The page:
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21 Basic Operation of e-mode n-channel MOSFET An e-mode n-channel device has n+ source and drain regions that have been implanted or diffused into a lightly doped p-t ype substrate. At a gate volta ge of zero, there is no conducting nchannel between the n+ regions, so no current can flow from the drain to the source. This can be understood with the band diagram of the MO SFET (at equilibrium) in Figure 2-3a. At equilibrium, the Fermi level is flat and a potential barrier is present that prevents the flow of electrons from the source to the drain. As a pos itive bias is applied to the gate, the valence band moves away from the Fermi level and a depletio n region begins to form as holes underneath the gate oxide are repelled. A corre sponding negative charge (ionized acceptors) is induced in the ptype channel, and the barrier for electrons betw een the source, channel, and drain is reduced. Further reduction of the barrier will lead to the formation of a channel in which electrons flow from the source to the drain. The minimum gate voltage required to induce this channel is known as the threshold voltage (VT). Increasing the gate volta ge beyond the threshold voltage will induce more negative charges in the channe l (making it more conducting) as minority carrier electrons generated in the bulk will drift across the depletion layer to th e surface layer (inversion layer) of charge. Applying a drain bias initially increases the drain current line arly (Figure 2-3b). However, as more drain current flows in the channel, mo re ohmic voltage drop occurs along the channel, and eventually a drain bias is reached that ca uses the conducting channel to pinch-off and the drain current to saturate. Pinch-off will occur when the difference between the gate voltage and drain bias is equal to the thresh old voltage (Figure 2-4) Increasing the drain bias further will move the pinch-off point farther into the ch annel and closer to the source end. For GaN MOSFETs, the formation of a conduc ting channel is completely dependent upon an external source of inversion charge since the minority carrier generation rate is very low for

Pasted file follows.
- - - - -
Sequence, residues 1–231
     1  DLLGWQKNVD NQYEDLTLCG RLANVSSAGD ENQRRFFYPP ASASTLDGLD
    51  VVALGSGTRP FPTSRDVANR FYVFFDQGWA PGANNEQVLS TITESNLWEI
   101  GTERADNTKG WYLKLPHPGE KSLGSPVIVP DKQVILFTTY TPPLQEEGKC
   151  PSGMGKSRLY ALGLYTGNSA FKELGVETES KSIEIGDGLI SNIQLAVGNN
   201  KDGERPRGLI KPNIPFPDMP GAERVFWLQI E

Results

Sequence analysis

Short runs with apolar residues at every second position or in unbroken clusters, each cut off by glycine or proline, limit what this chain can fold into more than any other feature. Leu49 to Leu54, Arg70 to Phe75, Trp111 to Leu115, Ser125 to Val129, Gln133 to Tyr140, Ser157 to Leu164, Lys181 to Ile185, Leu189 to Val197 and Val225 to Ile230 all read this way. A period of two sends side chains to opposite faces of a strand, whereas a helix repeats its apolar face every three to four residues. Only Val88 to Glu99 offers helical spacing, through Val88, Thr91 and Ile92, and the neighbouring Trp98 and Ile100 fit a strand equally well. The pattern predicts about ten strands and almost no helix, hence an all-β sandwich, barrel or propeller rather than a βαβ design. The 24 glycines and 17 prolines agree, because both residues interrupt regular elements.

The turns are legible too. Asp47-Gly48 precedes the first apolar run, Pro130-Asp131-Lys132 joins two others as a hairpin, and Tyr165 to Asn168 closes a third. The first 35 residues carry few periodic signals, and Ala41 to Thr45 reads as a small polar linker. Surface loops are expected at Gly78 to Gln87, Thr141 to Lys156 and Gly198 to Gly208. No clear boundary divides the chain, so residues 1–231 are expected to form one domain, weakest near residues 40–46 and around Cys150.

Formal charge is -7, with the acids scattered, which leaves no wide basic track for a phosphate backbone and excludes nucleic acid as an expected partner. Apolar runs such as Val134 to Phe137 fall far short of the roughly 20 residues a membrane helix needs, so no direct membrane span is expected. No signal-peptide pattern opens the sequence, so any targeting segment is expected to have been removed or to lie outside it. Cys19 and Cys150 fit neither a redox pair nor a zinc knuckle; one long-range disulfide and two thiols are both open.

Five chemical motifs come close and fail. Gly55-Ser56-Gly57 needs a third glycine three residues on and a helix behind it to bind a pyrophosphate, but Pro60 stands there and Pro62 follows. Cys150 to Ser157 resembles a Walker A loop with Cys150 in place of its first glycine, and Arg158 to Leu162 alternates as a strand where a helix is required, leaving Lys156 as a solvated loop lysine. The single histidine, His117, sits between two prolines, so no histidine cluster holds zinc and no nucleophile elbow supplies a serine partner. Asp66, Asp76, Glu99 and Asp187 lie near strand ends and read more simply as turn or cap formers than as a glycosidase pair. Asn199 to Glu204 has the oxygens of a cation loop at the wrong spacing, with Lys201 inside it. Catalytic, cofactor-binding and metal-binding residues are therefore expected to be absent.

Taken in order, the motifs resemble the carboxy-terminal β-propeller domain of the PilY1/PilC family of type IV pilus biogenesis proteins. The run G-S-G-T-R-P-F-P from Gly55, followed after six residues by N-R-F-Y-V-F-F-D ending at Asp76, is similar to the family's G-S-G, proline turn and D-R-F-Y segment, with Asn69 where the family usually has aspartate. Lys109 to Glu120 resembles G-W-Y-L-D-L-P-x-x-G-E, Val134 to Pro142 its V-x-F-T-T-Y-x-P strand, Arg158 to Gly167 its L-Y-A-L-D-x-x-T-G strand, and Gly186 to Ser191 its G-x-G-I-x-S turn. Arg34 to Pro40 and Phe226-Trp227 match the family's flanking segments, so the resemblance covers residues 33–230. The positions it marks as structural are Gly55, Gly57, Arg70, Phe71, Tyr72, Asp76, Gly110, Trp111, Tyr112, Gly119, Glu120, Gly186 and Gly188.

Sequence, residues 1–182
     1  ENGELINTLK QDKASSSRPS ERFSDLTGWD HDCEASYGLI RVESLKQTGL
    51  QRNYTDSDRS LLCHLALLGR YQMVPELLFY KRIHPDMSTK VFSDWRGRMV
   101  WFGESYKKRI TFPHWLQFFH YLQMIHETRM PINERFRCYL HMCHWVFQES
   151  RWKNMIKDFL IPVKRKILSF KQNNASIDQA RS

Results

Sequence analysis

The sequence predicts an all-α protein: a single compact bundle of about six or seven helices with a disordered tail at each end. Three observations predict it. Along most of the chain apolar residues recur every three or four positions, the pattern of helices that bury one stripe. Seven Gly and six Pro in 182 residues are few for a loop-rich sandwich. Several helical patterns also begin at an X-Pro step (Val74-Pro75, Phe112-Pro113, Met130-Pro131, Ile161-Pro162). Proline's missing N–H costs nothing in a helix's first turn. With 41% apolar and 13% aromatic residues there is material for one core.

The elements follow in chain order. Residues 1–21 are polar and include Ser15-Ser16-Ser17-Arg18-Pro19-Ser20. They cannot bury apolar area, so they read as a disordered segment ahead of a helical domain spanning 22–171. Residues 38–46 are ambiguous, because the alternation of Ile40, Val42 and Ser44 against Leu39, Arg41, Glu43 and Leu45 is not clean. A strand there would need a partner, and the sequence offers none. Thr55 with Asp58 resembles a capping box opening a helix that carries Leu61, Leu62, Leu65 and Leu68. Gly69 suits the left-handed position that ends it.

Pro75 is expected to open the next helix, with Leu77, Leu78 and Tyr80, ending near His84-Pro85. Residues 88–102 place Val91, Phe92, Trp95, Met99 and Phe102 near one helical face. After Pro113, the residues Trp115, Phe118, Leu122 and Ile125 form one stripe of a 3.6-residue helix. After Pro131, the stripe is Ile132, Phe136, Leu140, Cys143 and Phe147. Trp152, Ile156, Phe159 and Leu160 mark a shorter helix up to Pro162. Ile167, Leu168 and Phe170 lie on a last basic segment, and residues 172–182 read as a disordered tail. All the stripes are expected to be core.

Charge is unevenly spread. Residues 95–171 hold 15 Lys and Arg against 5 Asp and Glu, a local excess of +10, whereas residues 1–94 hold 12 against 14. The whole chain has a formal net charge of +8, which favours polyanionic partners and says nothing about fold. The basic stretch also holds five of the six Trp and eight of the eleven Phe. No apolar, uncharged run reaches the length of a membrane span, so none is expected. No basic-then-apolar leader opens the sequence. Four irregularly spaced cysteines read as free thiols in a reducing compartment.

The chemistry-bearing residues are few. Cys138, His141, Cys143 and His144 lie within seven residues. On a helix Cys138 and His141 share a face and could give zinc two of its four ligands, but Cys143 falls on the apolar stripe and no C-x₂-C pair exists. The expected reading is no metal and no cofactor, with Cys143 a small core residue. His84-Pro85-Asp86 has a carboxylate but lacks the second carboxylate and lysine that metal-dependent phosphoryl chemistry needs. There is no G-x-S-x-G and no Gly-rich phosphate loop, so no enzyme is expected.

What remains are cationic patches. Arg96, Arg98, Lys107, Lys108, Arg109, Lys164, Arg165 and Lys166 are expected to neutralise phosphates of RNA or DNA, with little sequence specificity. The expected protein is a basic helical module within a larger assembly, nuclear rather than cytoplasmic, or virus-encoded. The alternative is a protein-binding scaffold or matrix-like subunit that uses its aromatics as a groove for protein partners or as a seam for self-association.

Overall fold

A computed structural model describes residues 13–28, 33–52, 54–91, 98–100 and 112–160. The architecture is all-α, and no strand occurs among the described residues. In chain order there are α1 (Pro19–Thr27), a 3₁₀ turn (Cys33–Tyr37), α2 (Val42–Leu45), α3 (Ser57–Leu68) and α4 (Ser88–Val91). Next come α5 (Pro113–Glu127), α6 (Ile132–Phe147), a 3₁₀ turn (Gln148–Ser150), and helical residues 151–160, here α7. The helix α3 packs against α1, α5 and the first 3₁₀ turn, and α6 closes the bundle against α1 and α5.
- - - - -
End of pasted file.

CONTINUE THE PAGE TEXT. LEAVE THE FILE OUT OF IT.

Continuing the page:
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22 GaN (the generation rate is too low at even higher temperatures of 300 C). The source of this charge consists of n+ regions in the source and drain create d by Si implantation and subsequent activation annealing. The applica tion of a gate bias is then us ed to draw electrons from the source and drain under the gate region to form a conducting channel. Ideal and Real MOS Capacitors The ideal MOS capacitor (Figure 2-5) has a fl atband condition where the energy difference between the metal work function ( m) and semiconductor work function ( s) is zero at an applied bias of zero. Under an applied bias, three distinct operation modes exist which are known as accumulation, depletion, and inversion (Figure 2-6).3 In accumulation, majority carriers accumulate at the surface of the semiconduc tor, forming a larger carrier concentration than the doping concentration in the bulk of the semiconductor. For a p-type semiconductor, the valence and conduction bands will bend up, and fo r an n-type semiconductor, the bands will bend down. In both cases, the intrinsic Fermi level (Ei) is farther away from the Fermi level (EF) of the semiconductor. In depletion, majority carriers are depleted near the semiconductor surface. The bands will bend down in p-type mate rial and will bend up in n-type material, with the bands bending far enough for Ei to equal EF at the surface. Under inversion, the bands bend down strongly enough in the ptype material so that Ei lies below EF at the surface, and the bands bend up strongly enough in the n-type material so that Ei lies above EF at the surface. Majority carriers at the surface of the semiconductor have been further depleted and minority carriers are collected at the surface. For a real MOS capacitor, a work function difference typically exists between the metal gate and semiconductor, along with various char ges in the oxide and at the oxide/semiconductor interface. The combination of th ese real effects induces a charge (positive or negative depending